BIOLOGICALLY BASED INTEGRATED MANAGEMENT OF WEEDS ON WESTERN RANGELAND WATERSHEDS
Location: Exotic and Invasive Weeds Research
Title: Diel Variations in Needle Water Isotopic Composition in Two Pine Species
| Monnar, Robert - UNIVERSITY OF NEVADA RENO |
| Poulson, Simon - UNIVERSITY OF NEVADA RENO |
| Hartsough, Peter - UNIVERSITY OF NEVADA RENO |
| Biondi, Franco - UNIVERSITY OF NEVADA RENO |
Submitted to: Tree Physiology
Publication Type: Peer Reviewed Journal
Publication Acceptance Date: February 24, 2010
Publication Date: March 14, 2010
Citation: Snyder, K.A., Monnar, R., Poulson, S.R., Hartsough, P., Biondi, F. 2010. Diel Variations in Needle Water Isotopic Composition in Two Pine Species. Tree: Structure and Function. 24:585-595.
Interpretive Summary: The focus of the current study was to understand variations in the stable isotopic ratios of leaf water in different species of pine trees. The goal is to understand how the stable isotopic composition of water in pine needles is recorded by these different pine species because these isotopic values are often used as long-term indicators that integrate complex ecological processes. Since these isotope values are often difficult and costly to measure, leaf water isotope models based on a mechanistic understanding are essential. This study provides empirical data to determine which theoretical model is appropriate for these pine forests. Additionally tree rings from pine trees have been used to model past climates, in order to determine how accurate these models are, we need to understand how pine trees actively assimilate water inputs and the stable isotopic values in leaf water are a core part of this type of tree ring analyses. Therefore developing an understanding of the factors that affect leaf water isotope values in actively growing trees will contribute to our ability to model past climates.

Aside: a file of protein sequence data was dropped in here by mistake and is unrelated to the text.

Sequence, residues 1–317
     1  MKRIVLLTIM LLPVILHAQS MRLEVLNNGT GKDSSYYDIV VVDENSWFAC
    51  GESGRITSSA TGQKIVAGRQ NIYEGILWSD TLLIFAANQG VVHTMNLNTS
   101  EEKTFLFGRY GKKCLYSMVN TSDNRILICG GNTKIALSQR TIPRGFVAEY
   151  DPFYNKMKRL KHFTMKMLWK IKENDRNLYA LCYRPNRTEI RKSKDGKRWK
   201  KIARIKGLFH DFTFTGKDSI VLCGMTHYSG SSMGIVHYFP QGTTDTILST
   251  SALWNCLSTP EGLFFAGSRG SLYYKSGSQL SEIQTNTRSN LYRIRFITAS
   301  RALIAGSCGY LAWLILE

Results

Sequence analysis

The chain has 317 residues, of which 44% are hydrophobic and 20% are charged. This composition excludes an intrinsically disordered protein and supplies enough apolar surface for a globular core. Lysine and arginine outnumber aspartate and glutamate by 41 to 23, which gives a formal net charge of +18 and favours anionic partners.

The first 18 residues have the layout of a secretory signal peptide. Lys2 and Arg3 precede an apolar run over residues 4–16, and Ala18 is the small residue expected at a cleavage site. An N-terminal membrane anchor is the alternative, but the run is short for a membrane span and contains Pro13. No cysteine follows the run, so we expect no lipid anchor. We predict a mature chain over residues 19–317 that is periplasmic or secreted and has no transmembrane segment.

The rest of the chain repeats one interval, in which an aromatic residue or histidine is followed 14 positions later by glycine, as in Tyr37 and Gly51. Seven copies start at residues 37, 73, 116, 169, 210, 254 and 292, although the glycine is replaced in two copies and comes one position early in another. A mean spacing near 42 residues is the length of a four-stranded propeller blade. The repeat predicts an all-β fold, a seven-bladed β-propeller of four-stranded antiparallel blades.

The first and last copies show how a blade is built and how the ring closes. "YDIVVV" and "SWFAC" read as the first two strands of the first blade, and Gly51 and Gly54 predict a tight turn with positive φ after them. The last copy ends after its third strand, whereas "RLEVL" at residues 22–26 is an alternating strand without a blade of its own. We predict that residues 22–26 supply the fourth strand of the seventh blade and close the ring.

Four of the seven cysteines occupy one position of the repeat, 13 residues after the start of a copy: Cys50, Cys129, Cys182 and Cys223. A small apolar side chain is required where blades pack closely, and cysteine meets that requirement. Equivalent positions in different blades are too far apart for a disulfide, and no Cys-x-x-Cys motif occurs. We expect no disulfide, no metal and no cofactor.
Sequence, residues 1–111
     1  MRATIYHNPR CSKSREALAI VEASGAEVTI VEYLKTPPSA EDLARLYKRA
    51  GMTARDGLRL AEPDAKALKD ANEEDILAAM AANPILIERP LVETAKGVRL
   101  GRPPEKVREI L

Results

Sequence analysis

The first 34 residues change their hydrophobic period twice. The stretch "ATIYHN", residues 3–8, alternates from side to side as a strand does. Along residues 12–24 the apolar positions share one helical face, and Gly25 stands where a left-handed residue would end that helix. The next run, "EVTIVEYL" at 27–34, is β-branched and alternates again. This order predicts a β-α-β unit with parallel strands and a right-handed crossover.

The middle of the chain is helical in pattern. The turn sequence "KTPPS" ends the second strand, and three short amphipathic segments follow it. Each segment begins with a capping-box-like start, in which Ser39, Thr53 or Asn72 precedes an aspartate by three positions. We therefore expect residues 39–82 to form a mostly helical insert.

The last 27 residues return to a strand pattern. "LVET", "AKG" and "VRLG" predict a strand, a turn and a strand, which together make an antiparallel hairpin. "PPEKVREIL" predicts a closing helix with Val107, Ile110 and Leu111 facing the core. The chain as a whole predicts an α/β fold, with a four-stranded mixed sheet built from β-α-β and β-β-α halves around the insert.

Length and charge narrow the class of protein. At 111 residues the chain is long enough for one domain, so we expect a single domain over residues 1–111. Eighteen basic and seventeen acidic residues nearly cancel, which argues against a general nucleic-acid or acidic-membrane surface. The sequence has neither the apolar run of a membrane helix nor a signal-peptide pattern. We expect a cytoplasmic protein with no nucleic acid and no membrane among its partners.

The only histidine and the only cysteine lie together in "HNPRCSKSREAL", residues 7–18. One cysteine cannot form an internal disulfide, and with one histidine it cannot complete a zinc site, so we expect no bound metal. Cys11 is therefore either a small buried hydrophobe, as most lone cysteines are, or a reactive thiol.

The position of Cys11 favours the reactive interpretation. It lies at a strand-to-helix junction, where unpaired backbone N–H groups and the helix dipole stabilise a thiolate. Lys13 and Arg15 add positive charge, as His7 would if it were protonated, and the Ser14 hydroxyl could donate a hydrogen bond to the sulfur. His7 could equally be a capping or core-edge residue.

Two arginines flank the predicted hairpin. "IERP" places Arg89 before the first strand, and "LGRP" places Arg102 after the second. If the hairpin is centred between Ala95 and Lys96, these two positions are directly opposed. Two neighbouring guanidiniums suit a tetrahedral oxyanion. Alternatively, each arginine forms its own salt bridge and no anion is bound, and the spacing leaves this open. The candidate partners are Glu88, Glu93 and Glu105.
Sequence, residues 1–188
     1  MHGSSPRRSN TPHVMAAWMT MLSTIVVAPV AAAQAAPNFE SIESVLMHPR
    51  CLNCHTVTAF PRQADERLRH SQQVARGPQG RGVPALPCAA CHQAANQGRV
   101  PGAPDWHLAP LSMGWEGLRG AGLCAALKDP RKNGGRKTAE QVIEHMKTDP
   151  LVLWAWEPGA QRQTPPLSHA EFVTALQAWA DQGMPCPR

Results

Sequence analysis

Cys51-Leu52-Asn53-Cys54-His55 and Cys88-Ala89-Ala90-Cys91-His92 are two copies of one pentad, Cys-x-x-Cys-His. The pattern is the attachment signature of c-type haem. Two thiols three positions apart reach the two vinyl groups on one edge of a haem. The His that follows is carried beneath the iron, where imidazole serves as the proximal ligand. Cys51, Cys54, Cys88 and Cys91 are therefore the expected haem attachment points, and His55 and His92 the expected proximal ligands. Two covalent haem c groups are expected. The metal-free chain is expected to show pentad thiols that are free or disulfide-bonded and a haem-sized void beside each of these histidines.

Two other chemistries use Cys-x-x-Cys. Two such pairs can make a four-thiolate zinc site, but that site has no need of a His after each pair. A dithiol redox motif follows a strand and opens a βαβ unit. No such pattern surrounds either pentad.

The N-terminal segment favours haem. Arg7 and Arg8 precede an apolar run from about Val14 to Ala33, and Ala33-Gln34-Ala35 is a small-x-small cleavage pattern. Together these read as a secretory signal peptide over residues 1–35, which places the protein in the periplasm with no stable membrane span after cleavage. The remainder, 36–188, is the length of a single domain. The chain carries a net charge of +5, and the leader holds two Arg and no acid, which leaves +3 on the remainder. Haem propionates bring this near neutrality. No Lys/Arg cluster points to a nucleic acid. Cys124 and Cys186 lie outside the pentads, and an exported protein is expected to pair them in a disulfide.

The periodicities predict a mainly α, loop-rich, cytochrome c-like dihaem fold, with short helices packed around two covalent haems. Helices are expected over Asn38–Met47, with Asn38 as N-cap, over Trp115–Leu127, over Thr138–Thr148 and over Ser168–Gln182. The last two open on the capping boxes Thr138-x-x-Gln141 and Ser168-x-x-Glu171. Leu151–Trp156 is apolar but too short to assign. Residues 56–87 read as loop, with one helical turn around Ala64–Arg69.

The diurnal fluctuations of leaf water stable isotopes (d18O and dD) were measured for Jeffrey (Pinus jeffreyi) and lodgepole (Pinus contorta) pine trees. Two trees per species were sampled every few hours on October 15-16, 2005 and June 19-20, 2006. Diurnal gas exchange (stomatal conductance, transpiration, and net CO2 assimilation) was measured during the summer diurnal cycle. In fall 2005, leaf water d18O ranged from 0.7 to 9.0‰, and leaf water dD ranged from –70 to –50‰. In summer 2006, leaf water d18O ranged from 7.7 to 20.7‰, and leaf water dD ranged from –61 to –24‰. Diurnal variation of leaf water isotope values typically reached a maximum in the early afternoon, began decreasing around midnight, and reached a minimum in mid-morning. Both sampling periods showed a high degree of enrichment relative to source water, with leaf water-source water enrichments ranging up to 37.8‰ for d18O, and up to 95‰ for dD. However, leaf water isotopic enrichment varied by season with summer enrichment being greater than fall enrichment. A steady state model (i.e. modified Craig-Gordon modeling) for leaf water isotope compositions did not provide a good fit to the measured values of leaf water. In the summer, a non-steady state model provided a better fit to the measured data than the steady state model. Our findings demonstrate substantial leaf water enrichment above source water and diurnal variations in isotopic composition of leaf water, which has application to understanding short-term variability of atmospheric gases (water vapor, CO2, O2), climate studies based on the isotopic composition of plant tissues, and ecosystem water fluxes.